Polar Covalent Bond

A polar covalent bond is formed due to the unequal sharing of electron pairs between two atoms.

According to the Pauling scale, the electronegativity gap between the bonded atoms should be between 0.4 and 1.7 or approximately 2.


Factors affecting the formation of Covalent Bond

The formation of the covalent bond between the atoms is influenced by several factors as shown below:

  1. Electron affinity
  2. Ionization energy
  3. The number of valence electrons
  4. Atomic size
  5. Electronegativity

Let me describe in detail how these factors favor a covalent bond.

Electron affinity

It refers to the energy difference that occurs when an atom gains a valence electron. The formation of a covalent bond is favored when the reacting atoms have comparable electron affinities.


High Ionization Energy

Atoms that have high ionization energies prefer to form covalent bonds.

The simple reason is that they can’t form cations. This is because it is very difficult for them to lose their valence electrons, which are needed for ionic bonding.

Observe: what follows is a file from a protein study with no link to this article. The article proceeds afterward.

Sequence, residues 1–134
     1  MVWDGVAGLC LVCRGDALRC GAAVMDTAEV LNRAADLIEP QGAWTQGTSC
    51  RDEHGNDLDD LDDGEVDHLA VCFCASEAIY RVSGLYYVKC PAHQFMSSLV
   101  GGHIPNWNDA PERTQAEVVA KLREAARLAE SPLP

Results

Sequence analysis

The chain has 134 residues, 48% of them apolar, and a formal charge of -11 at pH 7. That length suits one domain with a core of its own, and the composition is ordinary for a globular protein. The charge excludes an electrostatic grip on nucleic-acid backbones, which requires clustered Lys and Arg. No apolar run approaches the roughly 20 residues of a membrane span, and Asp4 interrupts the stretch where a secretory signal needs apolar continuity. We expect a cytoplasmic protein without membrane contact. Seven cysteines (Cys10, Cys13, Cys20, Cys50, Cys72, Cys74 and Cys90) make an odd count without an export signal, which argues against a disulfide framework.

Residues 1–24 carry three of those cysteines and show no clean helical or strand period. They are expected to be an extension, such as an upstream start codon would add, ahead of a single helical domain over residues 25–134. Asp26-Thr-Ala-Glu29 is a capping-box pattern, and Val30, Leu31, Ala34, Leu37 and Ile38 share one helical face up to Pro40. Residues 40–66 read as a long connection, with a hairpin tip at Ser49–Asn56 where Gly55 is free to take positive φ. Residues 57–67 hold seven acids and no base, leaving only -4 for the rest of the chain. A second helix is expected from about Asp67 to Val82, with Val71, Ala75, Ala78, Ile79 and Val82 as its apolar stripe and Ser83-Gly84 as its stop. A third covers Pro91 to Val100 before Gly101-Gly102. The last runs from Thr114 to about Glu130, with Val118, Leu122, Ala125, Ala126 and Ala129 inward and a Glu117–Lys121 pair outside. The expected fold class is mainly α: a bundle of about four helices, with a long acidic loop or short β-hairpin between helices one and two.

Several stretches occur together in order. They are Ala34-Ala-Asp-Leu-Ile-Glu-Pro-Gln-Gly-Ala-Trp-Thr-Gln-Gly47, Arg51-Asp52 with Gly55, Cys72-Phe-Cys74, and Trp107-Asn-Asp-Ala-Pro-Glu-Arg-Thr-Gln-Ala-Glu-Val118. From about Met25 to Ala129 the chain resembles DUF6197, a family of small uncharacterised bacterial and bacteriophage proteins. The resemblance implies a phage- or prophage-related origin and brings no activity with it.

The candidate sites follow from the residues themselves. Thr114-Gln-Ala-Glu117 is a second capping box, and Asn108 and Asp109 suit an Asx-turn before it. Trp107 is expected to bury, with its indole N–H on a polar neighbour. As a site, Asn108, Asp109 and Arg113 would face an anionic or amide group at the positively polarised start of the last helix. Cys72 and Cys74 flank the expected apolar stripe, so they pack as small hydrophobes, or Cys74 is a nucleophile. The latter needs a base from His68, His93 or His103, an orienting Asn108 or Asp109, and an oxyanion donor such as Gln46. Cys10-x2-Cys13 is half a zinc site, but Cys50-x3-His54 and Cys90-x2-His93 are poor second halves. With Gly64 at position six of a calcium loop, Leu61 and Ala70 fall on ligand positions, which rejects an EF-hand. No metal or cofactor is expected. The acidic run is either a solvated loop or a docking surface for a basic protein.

Chlorine has a very high ionization energy of chlorine is 1251.2 kJ/mole while carbon has 1086.5 kJ/mole. Owing to the high ionization enthalpy of both elements it is easier to form a covalent bond between them.

Atomic Size

Another property that facilitates the creation of a strong covalent bond is the smaller atomic size.

When it comes to forming covalent bonds between two atoms, the covalent radius is used to determine how far apart the participating valence electrons of both atoms are.

Each atom’s covalent radius would be half of the distance between the two nuclei in the case of forming a covalent radius.

This is the case since an equal number of valence electrons participate and are present at an equal distance from one another, as well as with an equal force of attraction on the other atom.

As a result, the smaller an atom is, the closer it is to the nucleus. The electrons would be under strong molecular attraction making it difficult for them to leave the atom.

So instead of completely transferring the electrons through an ionic bond, the atom would prefer a covalent bond via sharing of electrons.

The smaller size of both chlorine and carbon atom facilitates the formation of a covalent bond.


It is an atom’s property that causes it to draw the mutual electron pair towards it. The Pauling scale helps us to calculate the electronegativity of the atoms.

Ionic bonds are described as chemical bonds in which the electronegativity difference between two atoms in a chemical bond is greater than 2.0 (In some texts it is mentioned as 1.7). If the difference is less than 2.0 on the Pauling scale, a covalent bond is present.

Chlorine has an electronegativity of 3.16, and carbon has 2.55. The electronegativity difference between carbon and hydrogen is 3.16 – 2.55 = 0.61. Due to this difference in electronegativity, the C-Cl bond is polar. As a result, each of the four C-Cl bonds has a dipole moment value too.